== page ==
>on "vmsnet.pdp-11" on Usenet?
Not at all : Both the 11/10 and 11/10S have a console port on the CPU board. On
the 11/10S it's possible to disable this (fit/remove a link on one of the
boards), and use a DL11 of some flavour instead.
On the 5.25" box, the console port is the 40-pin BERG on the back of the CPU
under the power cable. It's cabled to the backplane, where it is connected to
the appropriate pins on the CPU board.
I don't own a 10.5" 11/10, but I have worked on one. From memort, there is,
indeed a dual-height card which contains the console connector (40 pin BERG)
and no logic. Can't remember the M-number, and my prints are at home.
It's the standard DEC serial connector. Current loop is certainly there, and I
think at least one of the TTL and/or EIA connections are there as well. This
may depend on which CPU board set you have, however. I seem to recall
pinouts/cable lists are on one of the PDP_8_ web sites.
11/10's use an RC clock for the baud rate generator. It's tweakable by a preset
on one of the boards - check it at pin 40 of the UART (the only 40 pin chip in
the CPU), and set to 16 times the baud rate. I think the 11/10S uses an Xtal
clock, and there's a switch to set standard rates.
The RC clock does 110 baud as standard, but can be tweaked at least to 300
baud. You can change (reduce) the timing capacitor to get higher rates, of
I don't know how old this is, or if it qualifies as classic, but I saw this
on the local austin.forsale newsgroup.
Subject: Mainfame for trade STILL!!!
From: Scratch <scratch(a)tab.com>
I have a UNYSIS 2200/400 mainframe with 1210lpm impact printer and 6'
hard disk tower with 10- 8" 1 gig Fujitsu drives.
I can't seem to sell it so I will offer to trade it for anything MAC.
QuadraAV or better. Or Sony 17" + monitor.
Ron E. Marks
Hope this helps someone.
Isaac Davis | Don't throw out that old computer,
idavis(a)comland.com | check out the Classic Computer Rescue List -
indavis(a)juno.com | http://www.comland.com/~idavis/classic/classic.html
At 00:02 03-08-97 PDT, you wrote:
>Date: Sat, 2 Aug 1997 06:46:19 -0400
>From: Jeff Hellige <jeffh(a)unix.aardvarkol.com>
>Subject: MicroVax II
>Content-Type: text/plain; charset="us-ascii"
> Well, it looks like I may be rescuing, or at least try to, a
>MicroVax II on monday. There is a local business, about 30 miles from here,
>that wants to dispose of one, and I got contacted to try and rescue it.
>According to the guy I talked to, it has 2-35meg HD's, and 5meg of RAM in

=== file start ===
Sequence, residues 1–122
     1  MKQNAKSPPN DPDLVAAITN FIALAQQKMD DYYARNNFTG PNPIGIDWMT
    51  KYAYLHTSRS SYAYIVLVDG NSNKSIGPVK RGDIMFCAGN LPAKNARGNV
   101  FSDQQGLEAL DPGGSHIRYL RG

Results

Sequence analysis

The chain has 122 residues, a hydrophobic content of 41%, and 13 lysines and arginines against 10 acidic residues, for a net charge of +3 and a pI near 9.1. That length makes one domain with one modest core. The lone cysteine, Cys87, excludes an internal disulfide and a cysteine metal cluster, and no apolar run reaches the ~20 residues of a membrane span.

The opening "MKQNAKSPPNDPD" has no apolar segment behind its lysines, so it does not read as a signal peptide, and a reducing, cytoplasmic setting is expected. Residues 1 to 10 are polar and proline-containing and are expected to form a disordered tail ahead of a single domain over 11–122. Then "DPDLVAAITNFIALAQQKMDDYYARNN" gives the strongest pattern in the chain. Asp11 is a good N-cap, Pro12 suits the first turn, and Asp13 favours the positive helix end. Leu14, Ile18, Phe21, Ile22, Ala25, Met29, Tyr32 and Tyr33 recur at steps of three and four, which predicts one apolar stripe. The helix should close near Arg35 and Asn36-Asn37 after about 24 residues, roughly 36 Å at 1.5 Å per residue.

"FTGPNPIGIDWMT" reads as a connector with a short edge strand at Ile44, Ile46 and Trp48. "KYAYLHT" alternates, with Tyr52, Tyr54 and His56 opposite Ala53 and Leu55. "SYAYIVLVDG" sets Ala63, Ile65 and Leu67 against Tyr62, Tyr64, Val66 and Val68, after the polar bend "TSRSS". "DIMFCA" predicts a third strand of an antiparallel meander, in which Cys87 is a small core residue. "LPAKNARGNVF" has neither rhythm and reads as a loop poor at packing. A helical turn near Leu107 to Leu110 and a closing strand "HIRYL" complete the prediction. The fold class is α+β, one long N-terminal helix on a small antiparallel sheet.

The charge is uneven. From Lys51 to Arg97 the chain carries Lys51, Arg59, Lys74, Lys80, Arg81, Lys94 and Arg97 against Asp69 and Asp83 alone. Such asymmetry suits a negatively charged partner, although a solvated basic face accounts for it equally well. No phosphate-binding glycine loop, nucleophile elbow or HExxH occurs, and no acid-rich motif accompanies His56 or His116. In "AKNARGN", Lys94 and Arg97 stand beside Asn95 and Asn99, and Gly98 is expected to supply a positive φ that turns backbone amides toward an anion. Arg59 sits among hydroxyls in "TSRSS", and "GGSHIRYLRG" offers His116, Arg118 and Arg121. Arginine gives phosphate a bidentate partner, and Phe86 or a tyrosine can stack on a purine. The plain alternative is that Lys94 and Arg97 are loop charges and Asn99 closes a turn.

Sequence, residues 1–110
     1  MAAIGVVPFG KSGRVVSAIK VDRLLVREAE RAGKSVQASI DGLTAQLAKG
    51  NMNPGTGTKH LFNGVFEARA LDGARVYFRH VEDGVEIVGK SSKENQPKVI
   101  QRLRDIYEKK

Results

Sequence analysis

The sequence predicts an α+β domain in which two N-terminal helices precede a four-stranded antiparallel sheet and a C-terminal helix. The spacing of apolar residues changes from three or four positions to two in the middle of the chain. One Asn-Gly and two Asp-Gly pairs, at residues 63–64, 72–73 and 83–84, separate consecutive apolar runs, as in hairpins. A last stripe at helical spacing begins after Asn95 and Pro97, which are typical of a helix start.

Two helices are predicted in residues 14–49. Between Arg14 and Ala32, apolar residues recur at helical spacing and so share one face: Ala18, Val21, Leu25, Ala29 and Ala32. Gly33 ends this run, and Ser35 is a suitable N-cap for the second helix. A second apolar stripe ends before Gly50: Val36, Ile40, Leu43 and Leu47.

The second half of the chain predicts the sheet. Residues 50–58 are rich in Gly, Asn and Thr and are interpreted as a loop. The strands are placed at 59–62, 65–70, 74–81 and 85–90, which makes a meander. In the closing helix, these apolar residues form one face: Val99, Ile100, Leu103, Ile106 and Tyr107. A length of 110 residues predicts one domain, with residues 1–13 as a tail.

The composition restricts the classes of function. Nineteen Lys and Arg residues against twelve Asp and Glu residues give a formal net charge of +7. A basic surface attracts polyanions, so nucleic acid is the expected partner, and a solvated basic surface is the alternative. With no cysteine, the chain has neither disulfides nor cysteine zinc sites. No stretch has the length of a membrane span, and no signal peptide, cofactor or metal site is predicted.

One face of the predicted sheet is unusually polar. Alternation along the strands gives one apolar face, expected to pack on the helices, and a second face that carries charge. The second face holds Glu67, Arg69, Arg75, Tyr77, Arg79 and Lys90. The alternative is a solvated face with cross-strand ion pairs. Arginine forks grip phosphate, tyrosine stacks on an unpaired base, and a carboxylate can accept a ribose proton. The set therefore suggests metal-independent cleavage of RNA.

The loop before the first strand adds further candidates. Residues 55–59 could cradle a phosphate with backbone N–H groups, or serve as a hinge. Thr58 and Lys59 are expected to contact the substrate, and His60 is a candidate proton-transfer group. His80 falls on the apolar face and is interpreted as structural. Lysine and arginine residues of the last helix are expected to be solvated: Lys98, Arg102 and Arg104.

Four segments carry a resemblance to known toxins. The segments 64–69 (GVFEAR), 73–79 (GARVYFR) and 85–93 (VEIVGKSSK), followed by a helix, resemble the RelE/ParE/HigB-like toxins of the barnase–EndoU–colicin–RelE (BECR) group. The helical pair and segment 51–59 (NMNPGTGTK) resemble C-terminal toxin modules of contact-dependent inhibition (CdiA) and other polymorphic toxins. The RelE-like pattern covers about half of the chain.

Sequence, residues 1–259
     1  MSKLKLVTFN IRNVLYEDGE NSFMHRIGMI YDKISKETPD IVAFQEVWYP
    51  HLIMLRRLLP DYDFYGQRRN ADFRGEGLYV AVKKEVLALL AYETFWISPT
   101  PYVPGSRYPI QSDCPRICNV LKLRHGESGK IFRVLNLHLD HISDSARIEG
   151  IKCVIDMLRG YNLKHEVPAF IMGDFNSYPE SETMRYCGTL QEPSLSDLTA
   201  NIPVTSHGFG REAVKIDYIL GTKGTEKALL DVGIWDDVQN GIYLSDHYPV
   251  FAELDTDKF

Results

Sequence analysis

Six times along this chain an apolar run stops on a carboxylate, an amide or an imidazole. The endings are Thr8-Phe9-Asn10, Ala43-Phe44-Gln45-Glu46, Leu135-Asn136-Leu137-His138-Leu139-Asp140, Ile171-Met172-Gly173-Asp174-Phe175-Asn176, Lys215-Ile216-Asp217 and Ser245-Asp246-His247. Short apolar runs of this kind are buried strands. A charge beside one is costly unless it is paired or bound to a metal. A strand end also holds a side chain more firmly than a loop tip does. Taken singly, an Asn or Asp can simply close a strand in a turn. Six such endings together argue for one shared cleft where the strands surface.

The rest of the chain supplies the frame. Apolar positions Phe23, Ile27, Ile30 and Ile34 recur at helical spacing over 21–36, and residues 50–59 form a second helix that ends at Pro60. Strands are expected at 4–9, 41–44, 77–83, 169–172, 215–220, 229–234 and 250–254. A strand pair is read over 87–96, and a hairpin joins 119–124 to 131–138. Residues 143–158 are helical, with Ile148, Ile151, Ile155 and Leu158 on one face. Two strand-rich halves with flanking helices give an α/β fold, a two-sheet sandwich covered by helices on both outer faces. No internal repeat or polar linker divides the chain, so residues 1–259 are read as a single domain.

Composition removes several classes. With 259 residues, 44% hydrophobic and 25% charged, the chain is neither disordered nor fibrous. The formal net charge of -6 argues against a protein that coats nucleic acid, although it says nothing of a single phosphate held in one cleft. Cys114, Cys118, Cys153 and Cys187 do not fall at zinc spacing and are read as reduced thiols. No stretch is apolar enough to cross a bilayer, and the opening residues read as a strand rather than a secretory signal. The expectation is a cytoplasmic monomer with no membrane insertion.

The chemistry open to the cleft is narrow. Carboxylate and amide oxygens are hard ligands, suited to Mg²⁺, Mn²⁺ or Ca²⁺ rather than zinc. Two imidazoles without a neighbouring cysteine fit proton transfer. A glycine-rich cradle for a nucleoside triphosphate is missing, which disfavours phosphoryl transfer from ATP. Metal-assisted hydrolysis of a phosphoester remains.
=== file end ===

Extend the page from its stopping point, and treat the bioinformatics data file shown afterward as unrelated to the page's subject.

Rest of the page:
>it, and I'd just be getting the main system unit. Could someone give me
>some general info on this machine, such as a guess as to the weight of it?
Weight: About 40-50 lbs. Not bad at all, really. Some PC full-towers tip
the scales around there.
Sizewise, they're about as tall as a full-tower, but deeper and skinnier.
You can probably lift one in your arms without a huge problem.
With the hardware that's in it, you could easily run OpenVMS, MicroVMS,
regular VMS (I think -- someone check me on that, please?), Ultrix, or NetBSD.
I know the guy I wrote to said there were no docs or diags with it, but...
if by some miracle he was wrong, I'd like to get a copy of any diagnostics
that you might get with it.
Best of luck, and thanks for responding!
Bruce Lane, Sysop, The Dragon's Cave BBS (Fidonet 1:343/272)
(Hamateur: WD6EOS) (E-mail: kyrrin(a)wizards.net)
"Our science can only describe an object, event, or living thing in our own
human terms. It cannot, in any way, define any of them..."
I got a nice system for free today from a nice old couple who run a
thrift shop that they are closing down.
Its a Televideo 1603. What's interesting about this system for one thing
is that it was made by Televideo, whom I thought only made terminals. It
has two 5.25" floppies integrated with a green monochrome monitor on a
swivel armature and a detached keyboard. On the back are two DB-25 serial
ports, a D-type connector RS-422 port, a telephone jack for a mouse (which
I didn't get), and two dipswitch blocks. Inside it has an 8088 and a
6502! I was talking to Doug Coward tonight about it and he suggested that
the 6502 was for the terminal operation, and the 8088 was actually the
main processor. This makes sense, but I was wondering if anyone knew more
When it boots it says on the top line of the screen:
TS-1600/1603/1603H POWER ON DIAGNOSTICS Z2.2
then it says below that:
RAM TEST IN PROGRESS.....
then changes to:
FLOPPY DRIVE TEST IN PROGRESS.....
at which point it turns on the floppy drive for a few seconds, then goes to:
WAITING FOR HARD DISK.....
Inside there is a multi-pin connector which I'd assumed was for a
hard-drive but there was no cable for it. I didn't write down the number
on the WD controller chip. I think perhaps the RS-422 port is where
you'd hook the hard drive to.
Anyway, after it doesn't find a hard drive, it clears the screen and
becomes just a dumb terminal. Doug suggested I try booting an old
version of DOS or CP/M+ on it.
Any information on this would be appreciated.
Computer Historian, Programmer, Musician, Philosopher, Athlete, Writer, Jackass